Greening Attock, One Drop at a Time
May 27, 2014
- In Attock District Punjab, both per unit land and per cubic meter of water, the productivity is much lower than the international standards and poorer than neighboring countries having similar agrarian conditions.
- Surface water available to farms is not enough to meet needs and irrigate even a fraction of cultivable land.
- The World Bank assisted Punjab Irrigated Agriculture Productivity Improvement Project (PIPIP) is helping farmers to adopt High Efficiency Irrigation Systems for cultivation; increasing efficiency of irrigation conveyance network, enhanced productivity, and mobilizing farming communities to share investment costs.
Attock, Punjab, Pakistan – Attock District in Pakistan's province of Punjab is dotted with sandy plains, small plateaus and views of the Kala Chitta Mountains. Despite having immensely fertile land across the district, inhabitants still stick to centuries-old irrigation practices. The economy of the district is mainly agriculture-based with peanuts, wheat, maize, millets, grams, corn and pulses being the main crops. Peanuts are a major cash crop in Attock.
Around 90% of the water in Attock is used for agricultural purposes, although surface water supplies do not meet irrigation requirements, and Attock depends mostly on rainfall to meet these agricultural needs.
As one enters Attock through Tehsil Hazro (a smaller sub-unit of the district), newly grown orchards are refreshing to one’s eyes, astonishing to see oranges in the land of peanuts. The main obstacle of low productivity from the otherwise highly productive land is the inadequate availability and the improper use of water.
Ghulam Asghar the Deputy District Officer of Tehsil Hazro explains, “Due to the lack of water supply to the fields the productivity is much lower than the international standards and poorer than our neighboring countries having similar agrarian conditions.” The World Bank supported Punjab Irrigated Agriculture Productivity Improvement Project (PIPIP) has greatly helped to improve water productivity in the district, “through High Efficiency Irrigation System (HEIS),” says Asghar. “Due to this project, farmers have also started multi-cropping, which is a fairly new concept in Pakistan.”
Rustam Khan, a farmer in Tehsil Hazro candidly talks about one of the widely used components of PIPIP, drip irrigation, which is making multi-cropping possible in a place where water is a rare commodity. “On this land, we used to just grow peanuts and pray for rain. The surface water available to the farm was not enough to irrigate even 10% of my land. Ever since we have been introduced to drip irrigation, there is a positive change in our lives. Now people from all over the Tehsil visit our farm and ask how it happened. The value of land has increased from Rs10,000 per acre to 400,000 to 500,000.”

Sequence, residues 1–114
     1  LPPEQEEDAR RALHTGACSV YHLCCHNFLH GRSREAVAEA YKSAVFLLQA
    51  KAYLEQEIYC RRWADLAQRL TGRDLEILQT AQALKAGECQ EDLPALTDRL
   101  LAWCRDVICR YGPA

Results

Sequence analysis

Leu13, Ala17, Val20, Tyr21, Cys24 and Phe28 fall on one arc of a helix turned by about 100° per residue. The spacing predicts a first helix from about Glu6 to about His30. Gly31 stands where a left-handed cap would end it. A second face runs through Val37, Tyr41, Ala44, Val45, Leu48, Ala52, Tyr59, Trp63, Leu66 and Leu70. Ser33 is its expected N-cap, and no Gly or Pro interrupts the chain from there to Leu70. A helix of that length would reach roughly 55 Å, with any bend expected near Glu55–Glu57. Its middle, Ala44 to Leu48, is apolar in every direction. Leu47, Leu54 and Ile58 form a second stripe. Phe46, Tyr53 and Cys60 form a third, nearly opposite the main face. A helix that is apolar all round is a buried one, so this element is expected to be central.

The positive social and environmental impacts have been significant as this project increased water conservation, improved employment opportunities and enhanced social mobilization by establishing the Water Users Association.
Regional Project Director, Bashir Ahmad says, “the project has led to increased efficiency of irrigation conveyance network, enhanced water productivity by producing more crop per drop, irrigation service delivery and mobilizing farming communities in order to share investment costs for development, improvement and management of farm level irrigation infrastructure.”
Another farm owner, Amer Aziz, acquired the land in 2011 in Tehsil Pindigheb, Attock where the water table is 120 meters deep. Sharing details of the farm’s condition he said, “It was difficult to appreciate a dune-filled terrain but I bought it after thorough research and soil testing. I made full use of HEIS and used laser land leveling for this terrain, whereas, drip irrigation helped me fulfil my dream of turning this into a model farm. Now you can see the first crop which is ready for harvesting and about to hit the market.”
The World Bank-assisted PIPIP interventions are demand based and environment friendly. “The positive social and environmental impacts have been significant as this project increased water conservation, improved employment opportunities and enhanced social mobilization by establishing the Water Users Association. The drip irrigation method also ensures delivery of clean water to crops, increasing productivity,” says Abdul Ghafoor, Deputy District Officer Water Management, Pindigheb.
A very hopeful Bashir Ahmad, an engineer, believes that the project will soon bring very good news for the people of Attock, “Seeing is believing. I am certain that district Attock will become a prosperous valley in no time: a valley of citrus, olives and grapes.”
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